Chick-fil-A Drive-Thru Cashier Working Remotely Sparks Debate on TikTok


A video from February showing a Chick-fil-A cashier working the drive-thru from home via video chat has resurfaced and gone viral on TikTok. The clip sparked debate over remote work options for fast-food employees and working conditions amid the COVID-19 pandemic.

The original video was posted by TikTok user @searchforthevibe on Feb. 1 and reuploaded by @alesander025 on Dec. 9. TikToker @alesander025’s video received over 5 million views and was captioned “When you have covid but nobody can cover your shift.” It appears that @alesander025’s caption was speculative or a joke, as the original video has no mention of the cashier being sick.

The TikTok shows someone ordering from a Chick-Fil-A drive-thru and speaking to a worker working the drive-thru virtually from their home.


In the comments, some people commented how “sad” it was that someone might have to work from home if they were sick.

“Capitalism moment,” TikToker @veganlita wrote.

“Tell me you live in America without telling me you live in America,” @alxb_2213 wrote.

Others were in favor of virtual drive-thru workers. “I think this would be great for a lot of fast food. Great for single parents, people that can’t drive or don’t have transportation,” TikToker @briarborealis wrote.


“i wanna work like this are u KIDDING? dealing with customers from my own bedroom? i would thrive like this,” @barb1a wrote.


In the comments, @jillianooo, known as Jillian, identified herself as the Chick-Fil-A worker in the video. In a TikTok posted on Feb. 1, Jillian explains that at the Chick-Fil-A she works at, located in Arizona, COVID caused workers to start working virtually. She logs on via FaceTime on her phone and puts the order into an iPad, which is sent directly to the restaurant.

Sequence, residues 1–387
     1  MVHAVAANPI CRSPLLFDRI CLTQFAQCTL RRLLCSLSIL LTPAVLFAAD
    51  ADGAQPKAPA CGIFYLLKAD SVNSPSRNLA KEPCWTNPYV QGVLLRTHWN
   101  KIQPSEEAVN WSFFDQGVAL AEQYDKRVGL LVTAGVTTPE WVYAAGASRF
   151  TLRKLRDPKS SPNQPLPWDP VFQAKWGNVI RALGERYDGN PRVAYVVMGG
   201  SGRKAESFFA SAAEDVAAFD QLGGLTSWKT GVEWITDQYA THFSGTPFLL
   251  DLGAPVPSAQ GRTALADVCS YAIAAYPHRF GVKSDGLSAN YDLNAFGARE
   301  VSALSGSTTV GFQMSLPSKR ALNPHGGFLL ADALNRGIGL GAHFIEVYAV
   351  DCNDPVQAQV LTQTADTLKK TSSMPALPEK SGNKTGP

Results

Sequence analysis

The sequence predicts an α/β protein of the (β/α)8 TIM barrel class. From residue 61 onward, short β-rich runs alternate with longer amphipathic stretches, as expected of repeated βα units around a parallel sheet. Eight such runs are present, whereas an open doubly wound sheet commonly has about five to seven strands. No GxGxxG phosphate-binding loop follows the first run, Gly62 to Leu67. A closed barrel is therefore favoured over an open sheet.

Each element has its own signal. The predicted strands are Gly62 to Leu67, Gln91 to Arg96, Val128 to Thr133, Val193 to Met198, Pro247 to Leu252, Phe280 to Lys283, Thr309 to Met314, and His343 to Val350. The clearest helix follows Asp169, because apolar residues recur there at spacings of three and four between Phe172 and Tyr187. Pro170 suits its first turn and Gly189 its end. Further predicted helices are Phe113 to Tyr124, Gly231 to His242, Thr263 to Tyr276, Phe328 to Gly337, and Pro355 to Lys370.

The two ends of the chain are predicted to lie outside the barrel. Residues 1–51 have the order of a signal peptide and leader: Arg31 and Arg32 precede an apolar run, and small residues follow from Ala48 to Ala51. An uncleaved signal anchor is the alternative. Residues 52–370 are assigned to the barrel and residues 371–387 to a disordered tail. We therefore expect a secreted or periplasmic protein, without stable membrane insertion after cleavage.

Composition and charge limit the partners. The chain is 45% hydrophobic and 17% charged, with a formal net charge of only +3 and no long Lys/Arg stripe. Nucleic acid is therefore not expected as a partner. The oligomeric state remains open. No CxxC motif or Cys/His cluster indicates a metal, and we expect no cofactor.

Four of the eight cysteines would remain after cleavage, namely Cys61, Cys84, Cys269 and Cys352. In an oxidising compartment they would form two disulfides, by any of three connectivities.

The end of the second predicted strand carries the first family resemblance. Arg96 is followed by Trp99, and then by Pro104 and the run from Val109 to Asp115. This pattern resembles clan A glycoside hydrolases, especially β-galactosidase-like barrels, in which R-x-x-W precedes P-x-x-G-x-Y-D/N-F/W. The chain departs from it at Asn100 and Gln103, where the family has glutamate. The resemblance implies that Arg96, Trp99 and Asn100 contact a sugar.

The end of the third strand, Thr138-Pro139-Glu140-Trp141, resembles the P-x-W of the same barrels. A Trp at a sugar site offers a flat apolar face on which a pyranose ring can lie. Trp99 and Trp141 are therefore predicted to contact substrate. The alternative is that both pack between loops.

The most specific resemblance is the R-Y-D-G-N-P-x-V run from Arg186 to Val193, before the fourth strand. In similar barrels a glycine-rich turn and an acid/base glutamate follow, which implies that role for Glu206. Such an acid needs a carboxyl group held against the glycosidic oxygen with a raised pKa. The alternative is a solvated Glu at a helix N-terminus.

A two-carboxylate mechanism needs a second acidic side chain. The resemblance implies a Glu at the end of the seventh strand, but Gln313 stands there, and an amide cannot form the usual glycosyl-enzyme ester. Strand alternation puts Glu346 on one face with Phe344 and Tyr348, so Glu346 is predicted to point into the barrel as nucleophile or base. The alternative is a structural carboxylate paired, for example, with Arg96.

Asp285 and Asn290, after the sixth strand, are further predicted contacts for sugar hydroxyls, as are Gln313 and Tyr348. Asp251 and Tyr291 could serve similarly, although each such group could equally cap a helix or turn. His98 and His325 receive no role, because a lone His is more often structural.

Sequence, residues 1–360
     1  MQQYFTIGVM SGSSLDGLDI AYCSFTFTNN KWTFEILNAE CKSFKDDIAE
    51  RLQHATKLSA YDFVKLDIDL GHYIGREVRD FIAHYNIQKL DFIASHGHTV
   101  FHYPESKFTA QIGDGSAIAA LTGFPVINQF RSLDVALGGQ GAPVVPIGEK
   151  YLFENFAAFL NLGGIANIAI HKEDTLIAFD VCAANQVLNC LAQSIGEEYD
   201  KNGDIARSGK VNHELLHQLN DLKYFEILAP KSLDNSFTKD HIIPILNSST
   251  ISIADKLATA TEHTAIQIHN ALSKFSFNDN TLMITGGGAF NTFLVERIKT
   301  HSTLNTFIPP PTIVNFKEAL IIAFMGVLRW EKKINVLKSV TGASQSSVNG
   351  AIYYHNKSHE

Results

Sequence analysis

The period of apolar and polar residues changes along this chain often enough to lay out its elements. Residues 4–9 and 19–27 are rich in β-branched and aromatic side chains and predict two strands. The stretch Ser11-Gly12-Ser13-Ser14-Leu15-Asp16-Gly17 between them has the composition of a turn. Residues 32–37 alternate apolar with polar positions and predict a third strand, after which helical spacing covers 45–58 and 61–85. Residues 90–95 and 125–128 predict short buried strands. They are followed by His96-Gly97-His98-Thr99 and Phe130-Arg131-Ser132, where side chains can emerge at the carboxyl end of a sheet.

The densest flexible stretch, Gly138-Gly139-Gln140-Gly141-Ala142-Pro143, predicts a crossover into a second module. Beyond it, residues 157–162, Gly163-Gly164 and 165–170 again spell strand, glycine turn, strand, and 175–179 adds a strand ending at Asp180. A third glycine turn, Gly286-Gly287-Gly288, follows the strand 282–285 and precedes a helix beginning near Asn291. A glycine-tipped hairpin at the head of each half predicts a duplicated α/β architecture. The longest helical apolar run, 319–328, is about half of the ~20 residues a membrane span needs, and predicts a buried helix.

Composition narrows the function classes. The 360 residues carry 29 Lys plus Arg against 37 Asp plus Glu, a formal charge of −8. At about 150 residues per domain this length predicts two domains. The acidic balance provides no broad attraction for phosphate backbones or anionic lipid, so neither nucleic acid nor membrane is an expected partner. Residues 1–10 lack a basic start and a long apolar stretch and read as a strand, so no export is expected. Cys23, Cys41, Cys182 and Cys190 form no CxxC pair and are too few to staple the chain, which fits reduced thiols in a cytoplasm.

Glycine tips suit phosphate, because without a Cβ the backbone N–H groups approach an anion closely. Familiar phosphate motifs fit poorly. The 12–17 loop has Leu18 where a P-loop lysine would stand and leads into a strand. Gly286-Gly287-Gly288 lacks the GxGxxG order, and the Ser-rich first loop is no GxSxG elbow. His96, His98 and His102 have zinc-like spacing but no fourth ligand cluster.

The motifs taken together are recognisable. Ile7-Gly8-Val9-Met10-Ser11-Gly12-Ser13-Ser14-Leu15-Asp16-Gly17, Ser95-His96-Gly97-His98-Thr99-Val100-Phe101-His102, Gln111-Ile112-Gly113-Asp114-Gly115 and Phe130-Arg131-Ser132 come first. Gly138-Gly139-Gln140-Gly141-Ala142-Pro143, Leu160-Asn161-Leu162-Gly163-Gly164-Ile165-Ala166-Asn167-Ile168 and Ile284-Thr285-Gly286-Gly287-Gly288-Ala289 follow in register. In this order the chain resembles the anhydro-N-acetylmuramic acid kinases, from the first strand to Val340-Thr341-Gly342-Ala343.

The Daily Dot has reached out to @alesander025, @jillianooo, and Chick-Fil-A for comment.

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*First Published: Dec 13, 2021, 5:23 pm CST

Kathleen Wong


Kathleen is a Honolulu-based freelance writer, editor and communications strategist who has been published by the New York Times, Vice, Huffington Post, Hana Hou!, and more. She’s worked in the communication departments at the Honolulu Museum of Art, ACLU of Hawaii and Hawaii Community Foundation. When she’s not writing, she can be found in the ocean, walking her rescue poi dog or oil painting.

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